Nicola Sturgeon: border checks ‘lack all credibility’
Nicola Sturgeon feels that Theresa May has gifted her a priceless argument for the second Scottish independence referendum whenever it comes.
Every time the UK government talks of maintaining excellent trade with Ireland, a separate nation and an EU member, she says it’s removing all credibility for the claim that an independent Scotland could be harming Scotland’s trade with the rest of the UK.
SNP figures are also closely watching the discussions between London and Dublin on how to stop a hard border happening between Northern Ireland and Ireland, saying they provide a template for an invisible border between an independent Scotland and England. In London, ministers say that the SNP’s hopes for a relaxed immigration policy (on display again in the conference chamber today) would mean there couldn’t be an open border.
Nicola Sturgeon said today in an interview with Channel 4 News that any suggestion that there would need to be border checks between England and Scotland if Scotland opted for independence and went back into the EU “lack all credibility”.
Scotland’s First Minister said trust hadn’t broken down between her and Theresa May but “it has yet to be properly established”.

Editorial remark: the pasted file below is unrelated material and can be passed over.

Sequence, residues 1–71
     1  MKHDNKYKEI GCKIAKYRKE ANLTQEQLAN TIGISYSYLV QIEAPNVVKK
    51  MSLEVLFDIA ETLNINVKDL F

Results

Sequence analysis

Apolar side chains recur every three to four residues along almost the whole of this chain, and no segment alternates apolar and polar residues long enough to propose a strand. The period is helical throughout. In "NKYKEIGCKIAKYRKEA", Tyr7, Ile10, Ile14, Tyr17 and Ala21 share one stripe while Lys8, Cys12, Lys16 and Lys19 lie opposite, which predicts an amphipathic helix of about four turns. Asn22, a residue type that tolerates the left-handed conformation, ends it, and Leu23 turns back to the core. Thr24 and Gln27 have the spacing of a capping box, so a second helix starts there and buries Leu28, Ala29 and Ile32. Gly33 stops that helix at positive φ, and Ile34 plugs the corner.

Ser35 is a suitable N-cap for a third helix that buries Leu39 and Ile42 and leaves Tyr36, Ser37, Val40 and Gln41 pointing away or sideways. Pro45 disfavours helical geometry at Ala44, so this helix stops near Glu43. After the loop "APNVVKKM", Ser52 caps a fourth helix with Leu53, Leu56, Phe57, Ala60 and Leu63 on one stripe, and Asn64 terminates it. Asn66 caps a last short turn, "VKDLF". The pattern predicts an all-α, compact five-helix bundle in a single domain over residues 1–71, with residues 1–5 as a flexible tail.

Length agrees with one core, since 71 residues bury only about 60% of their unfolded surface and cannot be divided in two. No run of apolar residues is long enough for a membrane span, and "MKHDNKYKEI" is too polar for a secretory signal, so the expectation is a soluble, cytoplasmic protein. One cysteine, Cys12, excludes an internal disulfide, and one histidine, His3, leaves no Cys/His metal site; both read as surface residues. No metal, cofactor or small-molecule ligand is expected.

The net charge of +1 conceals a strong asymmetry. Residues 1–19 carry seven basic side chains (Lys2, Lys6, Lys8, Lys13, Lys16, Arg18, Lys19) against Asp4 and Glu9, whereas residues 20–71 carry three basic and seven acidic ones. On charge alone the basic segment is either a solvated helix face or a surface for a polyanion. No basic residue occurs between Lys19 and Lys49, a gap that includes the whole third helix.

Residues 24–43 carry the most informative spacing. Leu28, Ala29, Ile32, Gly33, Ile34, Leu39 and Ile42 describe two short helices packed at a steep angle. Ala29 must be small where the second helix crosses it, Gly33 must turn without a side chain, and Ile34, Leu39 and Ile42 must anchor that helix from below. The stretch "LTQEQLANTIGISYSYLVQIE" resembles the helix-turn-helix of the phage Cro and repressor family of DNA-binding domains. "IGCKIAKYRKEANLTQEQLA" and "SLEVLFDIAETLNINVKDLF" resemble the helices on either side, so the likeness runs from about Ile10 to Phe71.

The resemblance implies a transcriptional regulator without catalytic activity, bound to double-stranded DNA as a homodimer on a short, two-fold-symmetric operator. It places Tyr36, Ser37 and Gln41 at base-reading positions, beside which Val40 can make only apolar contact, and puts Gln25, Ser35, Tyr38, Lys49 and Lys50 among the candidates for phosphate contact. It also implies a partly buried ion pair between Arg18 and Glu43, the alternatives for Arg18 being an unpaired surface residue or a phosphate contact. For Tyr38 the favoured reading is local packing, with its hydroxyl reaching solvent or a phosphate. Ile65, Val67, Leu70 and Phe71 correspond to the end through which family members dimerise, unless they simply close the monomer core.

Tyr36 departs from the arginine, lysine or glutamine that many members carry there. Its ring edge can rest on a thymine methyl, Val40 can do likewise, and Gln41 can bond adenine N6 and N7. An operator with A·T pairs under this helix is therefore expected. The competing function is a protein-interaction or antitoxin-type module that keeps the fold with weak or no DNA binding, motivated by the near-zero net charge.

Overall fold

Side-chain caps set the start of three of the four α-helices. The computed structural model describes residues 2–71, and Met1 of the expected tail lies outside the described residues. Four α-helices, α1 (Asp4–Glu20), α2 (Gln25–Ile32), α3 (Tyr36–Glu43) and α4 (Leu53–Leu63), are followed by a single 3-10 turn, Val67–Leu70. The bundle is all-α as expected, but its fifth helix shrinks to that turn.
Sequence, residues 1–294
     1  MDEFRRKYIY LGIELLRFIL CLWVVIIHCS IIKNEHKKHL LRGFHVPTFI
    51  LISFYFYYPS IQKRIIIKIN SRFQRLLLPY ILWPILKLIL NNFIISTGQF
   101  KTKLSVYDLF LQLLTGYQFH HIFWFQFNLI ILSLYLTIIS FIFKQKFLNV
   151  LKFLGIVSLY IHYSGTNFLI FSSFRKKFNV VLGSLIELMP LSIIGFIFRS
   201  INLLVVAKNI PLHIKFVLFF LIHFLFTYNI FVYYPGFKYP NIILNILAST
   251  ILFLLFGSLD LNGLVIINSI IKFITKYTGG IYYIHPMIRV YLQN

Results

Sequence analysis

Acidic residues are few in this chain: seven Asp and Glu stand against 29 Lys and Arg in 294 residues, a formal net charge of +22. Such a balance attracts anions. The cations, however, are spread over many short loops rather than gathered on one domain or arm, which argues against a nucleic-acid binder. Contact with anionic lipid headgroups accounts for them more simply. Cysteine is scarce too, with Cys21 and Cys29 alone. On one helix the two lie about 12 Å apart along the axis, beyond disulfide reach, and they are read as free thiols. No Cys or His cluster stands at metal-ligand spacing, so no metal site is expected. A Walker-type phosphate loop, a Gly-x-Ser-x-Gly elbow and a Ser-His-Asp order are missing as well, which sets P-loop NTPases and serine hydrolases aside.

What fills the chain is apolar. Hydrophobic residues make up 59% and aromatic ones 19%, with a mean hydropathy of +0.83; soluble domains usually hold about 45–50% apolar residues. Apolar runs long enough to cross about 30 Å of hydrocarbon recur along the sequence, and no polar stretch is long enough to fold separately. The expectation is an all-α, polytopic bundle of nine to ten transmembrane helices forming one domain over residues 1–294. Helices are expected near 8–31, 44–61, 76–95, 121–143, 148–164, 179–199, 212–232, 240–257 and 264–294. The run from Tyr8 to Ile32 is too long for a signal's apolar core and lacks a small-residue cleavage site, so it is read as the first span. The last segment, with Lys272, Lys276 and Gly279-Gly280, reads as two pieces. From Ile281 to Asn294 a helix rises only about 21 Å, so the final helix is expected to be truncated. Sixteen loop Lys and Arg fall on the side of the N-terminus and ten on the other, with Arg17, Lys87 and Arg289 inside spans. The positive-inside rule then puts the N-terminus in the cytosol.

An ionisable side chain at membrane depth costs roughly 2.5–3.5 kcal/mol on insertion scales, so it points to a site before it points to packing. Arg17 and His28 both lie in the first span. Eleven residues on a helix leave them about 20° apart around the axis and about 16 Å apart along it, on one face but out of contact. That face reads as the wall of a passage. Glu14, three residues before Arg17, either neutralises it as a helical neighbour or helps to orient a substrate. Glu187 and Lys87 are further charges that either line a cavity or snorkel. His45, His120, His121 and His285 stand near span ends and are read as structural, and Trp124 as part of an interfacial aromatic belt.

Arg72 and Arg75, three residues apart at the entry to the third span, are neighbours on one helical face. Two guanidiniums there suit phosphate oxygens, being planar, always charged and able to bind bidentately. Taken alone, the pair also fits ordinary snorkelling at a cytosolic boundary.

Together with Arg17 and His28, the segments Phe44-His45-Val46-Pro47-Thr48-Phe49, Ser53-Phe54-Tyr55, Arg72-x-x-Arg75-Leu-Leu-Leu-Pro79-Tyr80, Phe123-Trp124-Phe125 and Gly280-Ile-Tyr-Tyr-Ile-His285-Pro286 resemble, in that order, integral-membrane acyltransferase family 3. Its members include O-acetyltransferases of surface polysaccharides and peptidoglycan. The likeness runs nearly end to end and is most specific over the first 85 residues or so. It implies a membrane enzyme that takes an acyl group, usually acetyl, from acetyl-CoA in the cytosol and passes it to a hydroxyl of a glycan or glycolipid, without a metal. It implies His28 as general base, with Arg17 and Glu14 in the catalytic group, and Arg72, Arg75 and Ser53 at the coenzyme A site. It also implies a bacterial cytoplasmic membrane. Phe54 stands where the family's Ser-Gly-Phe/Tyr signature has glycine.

The SNP leader, who addresses her conference in Glasgow tomorrow, said those in the British Government who accused her of bluster in threatening an independence referendum were “very daft”. “This is not a game of chicken,” she said.
I asked if she had received any private assurances from EU leaders normally hostile to breakaway nations being given EU membership that an independent Scotland would get back into the EU club if it had fallen out of the EU as part of Brexit. Mrs Sturgeon said “I haven’t gone looking for them” but acknowledged those sort of questions would have to be asked further down the track.
Scotland’s First Minister said talk of Scotland’s deficit, currently at 15 per cent, being comparable with Greece’s was “quite outrageous”. She said “I don’t think people realise how deeply offensive it is” to compare Scotland with Greece and suggested that her political opponents would pay a price with public support if they keep making comparisons like that.
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